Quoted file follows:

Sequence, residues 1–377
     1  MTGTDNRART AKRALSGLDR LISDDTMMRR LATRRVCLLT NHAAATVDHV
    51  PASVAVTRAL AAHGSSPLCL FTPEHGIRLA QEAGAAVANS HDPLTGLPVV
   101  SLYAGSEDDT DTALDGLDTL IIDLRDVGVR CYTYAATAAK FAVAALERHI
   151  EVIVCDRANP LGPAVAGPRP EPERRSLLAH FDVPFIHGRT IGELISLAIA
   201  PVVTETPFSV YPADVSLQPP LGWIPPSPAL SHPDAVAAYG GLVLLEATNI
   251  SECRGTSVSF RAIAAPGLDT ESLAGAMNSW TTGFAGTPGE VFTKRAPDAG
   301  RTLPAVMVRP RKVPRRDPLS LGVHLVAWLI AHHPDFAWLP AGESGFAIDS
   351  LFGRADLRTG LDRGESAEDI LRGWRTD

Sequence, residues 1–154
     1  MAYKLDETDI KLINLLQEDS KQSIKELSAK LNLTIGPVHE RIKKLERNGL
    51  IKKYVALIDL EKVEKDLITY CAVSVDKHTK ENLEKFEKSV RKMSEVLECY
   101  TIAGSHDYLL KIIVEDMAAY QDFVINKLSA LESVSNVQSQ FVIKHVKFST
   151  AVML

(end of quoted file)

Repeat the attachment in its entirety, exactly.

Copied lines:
Sequence, residues 1–377
     1  MTGTDNRART AKRALSGLDR LISDDTMMRR LATRRVCLLT NHAAATVDHV
    51  PASVAVTRAL AAHGSSPLCL FTPEHGIRLA QEAGAAVANS HDPLTGLPVV
   101  SLYAGSEDDT DTALDGLDTL IIDLRDVGVR CYTYAATAAK FAVAALERHI
   151  EVIVCDRANP LGPAVAGPRP EPERRSLLAH FDVPFIHGRT IGELISLAIA
   201  PVVTETPFSV YPADVSLQPP LGWIPPSPAL SHPDAVAAYG GLVLLEATNI
   251  SECRGTSVSF RAIAAPGLDT ESLAGAMNSW TTGFAGTPGE VFTKRAPDAG
   301  RTLPAVMVRP RKVPRRDPLS LGVHLVAWLI AHHPDFAWLP AGESGFAIDS
   351  LFGRADLRTG LDRGESAEDI LRGWRTD

Sequence, residues 1–154
     1  MAYKLDETDI KLINLLQEDS KQSIKELSAK LNLTIGPVHE RIKKLERNGL
    51  IKKYVALIDL EKVEKDLITY CAVSVDKHTK ENLEKFEKSV RKMSEVLECY
   101  TIAGSHDYLL KIIVEDMAAY QDFVINKLSA LESVSNVQSQ FVIKHVKFST
   151  AVML